J.A. Konrath

Lieutenant Jacqueline (Jack) Daniels - Violent Crimes, Chicago, Illinois Police Dept.

"Whiskey Sour"

(reviewed by Cindy Lynn Speer JUL 3, 2004)

Lieutenant Jack (Jacqueline) Daniels has been a detective for a long time, but never before has she seen such a horrible murder. Right away she knows that the killer, who calls himself The Gingerbread Man, will kill again. What she doesn’t know is that The Gingerbread Man has been planning this for a long time, and that he intends to kill four young women in a week...and, when her efforts to catch him mirror, in his sick mind, the way his four intended victims treated him, she becomes an added bonus, a target too delicious to pass up.

This book is extremely rich in both character and tension. I’ll cover character first...Jack is a woman who’s been divorced for 15 years; she regrets losing her husband to her job. She’s just been dumped by her live-in boyfriend, who she didn’t love, but appreciated the companionship he provided. She feels lonely, like she’s throwing the best parts of her life away in her pursuit of working each case to the fullest. Her worries and regrets echo inside the reader, but don’t overwhelm the story line. It gives this edgy, extremely funny woman a soft place that you can emphasize with, which makes your understanding of her, and your enjoyment of her sense of humor and actions stronger. The banter she shares with her partner, and her low opinion of the Feds, all mark some of the funniest parts of the book.

Here’s a quote that perfectly shows her humor, which mixes an understanding of human behavior with a slightly jaded practicality as Jack goes inside to interview the owner of a convenience store, who has just found the mutilated body of a young woman. He seems much more concerned over the fact he’s closed temporarily than the fact that someone got murdered, and she says to us, “Much as I longed to pity the man and his temporary loss of income, I held firm and didn’t break into tears.”

Now, for the plot...the tension is really constant in this book, relieved once in awhile by the humorous aspects. Early on the killer targets Jack, and the first thing he does is particularly scary...he takes a bag of candy, such as you would have bought last Easter, and carefully doctors all but four pieces. He leaves this candy in her car, and her partner opens the bag, eats one of the untainted pieces... even mentions passing the candy out at the kids ward, since they’re going to the hospital. You just sit there and wait and worry as he takes out a piece...shudder. I am so going to break the next candy bar in half before I eat it. Maybe slice it thin with a butter knife. This scene is the first of many in which we see things from the killer’s perspective part of the time, and knowing what he’s plotting, having him act on it, then going back to the first person with Jack and knowing that he’s literally lurking near by makes for some page turning moments.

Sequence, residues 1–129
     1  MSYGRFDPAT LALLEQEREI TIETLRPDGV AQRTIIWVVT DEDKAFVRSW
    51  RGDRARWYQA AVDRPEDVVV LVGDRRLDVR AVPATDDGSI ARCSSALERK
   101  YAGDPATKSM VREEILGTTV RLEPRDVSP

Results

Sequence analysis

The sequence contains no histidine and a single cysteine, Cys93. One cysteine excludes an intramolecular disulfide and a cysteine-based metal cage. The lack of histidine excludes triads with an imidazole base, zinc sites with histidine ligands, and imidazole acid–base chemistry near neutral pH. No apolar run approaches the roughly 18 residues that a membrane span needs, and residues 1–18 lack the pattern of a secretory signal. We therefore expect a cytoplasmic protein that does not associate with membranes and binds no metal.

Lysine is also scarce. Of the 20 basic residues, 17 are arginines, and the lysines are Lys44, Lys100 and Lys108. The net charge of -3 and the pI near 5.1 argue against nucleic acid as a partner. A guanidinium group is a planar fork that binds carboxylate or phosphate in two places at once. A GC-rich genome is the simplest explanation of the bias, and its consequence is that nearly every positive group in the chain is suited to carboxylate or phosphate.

Jack has been likened to Kinsey Millhone and Stephanie Plum...both very good comparisons as Konrath does recreate that type of sensible/humourous narrative. I also liken her to Mercie Raybourne, who, while she doesn’t have that same humorous edge, she does have the same sort of pensive regret. Fans of these type of books will truly adore sitting down and having a drink with Jack Daniels.

  • Amazon readers rating: from 930 reviews


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About the Author:

author photoJ.A. Konrath has written for cable TV, performed improvisational comedy and has designed award-winning websites. He lives with his wife and three children in Chicago, Illinois.

 

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